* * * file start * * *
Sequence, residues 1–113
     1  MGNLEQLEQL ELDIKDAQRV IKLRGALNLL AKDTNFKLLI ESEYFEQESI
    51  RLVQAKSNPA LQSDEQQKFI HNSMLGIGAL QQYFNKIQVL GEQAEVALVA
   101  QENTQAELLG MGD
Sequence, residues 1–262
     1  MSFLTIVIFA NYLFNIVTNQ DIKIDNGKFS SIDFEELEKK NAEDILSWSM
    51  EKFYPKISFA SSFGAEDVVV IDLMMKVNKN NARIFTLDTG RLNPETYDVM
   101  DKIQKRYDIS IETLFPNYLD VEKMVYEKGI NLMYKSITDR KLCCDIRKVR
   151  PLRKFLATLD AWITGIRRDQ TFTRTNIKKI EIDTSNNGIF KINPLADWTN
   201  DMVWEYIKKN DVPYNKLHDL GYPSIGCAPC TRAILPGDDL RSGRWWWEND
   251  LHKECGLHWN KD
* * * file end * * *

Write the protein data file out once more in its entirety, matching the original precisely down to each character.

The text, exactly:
Sequence, residues 1–113
     1  MGNLEQLEQL ELDIKDAQRV IKLRGALNLL AKDTNFKLLI ESEYFEQESI
    51  RLVQAKSNPA LQSDEQQKFI HNSMLGIGAL QQYFNKIQVL GEQAEVALVA
   101  QENTQAELLG MGD
Sequence, residues 1–262
     1  MSFLTIVIFA NYLFNIVTNQ DIKIDNGKFS SIDFEELEKK NAEDILSWSM
    51  EKFYPKISFA SSFGAEDVVV IDLMMKVNKN NARIFTLDTG RLNPETYDVM
   101  DKIQKRYDIS IETLFPNYLD VEKMVYEKGI NLMYKSITDR KLCCDIRKVR
   151  PLRKFLATLD AWITGIRRDQ TFTRTNIKKI EIDTSNNGIF KINPLADWTN
   201  DMVWEYIKKN DVPYNKLHDL GYPSIGCAPC TRAILPGDDL RSGRWWWEND
   251  LHKECGLHWN KD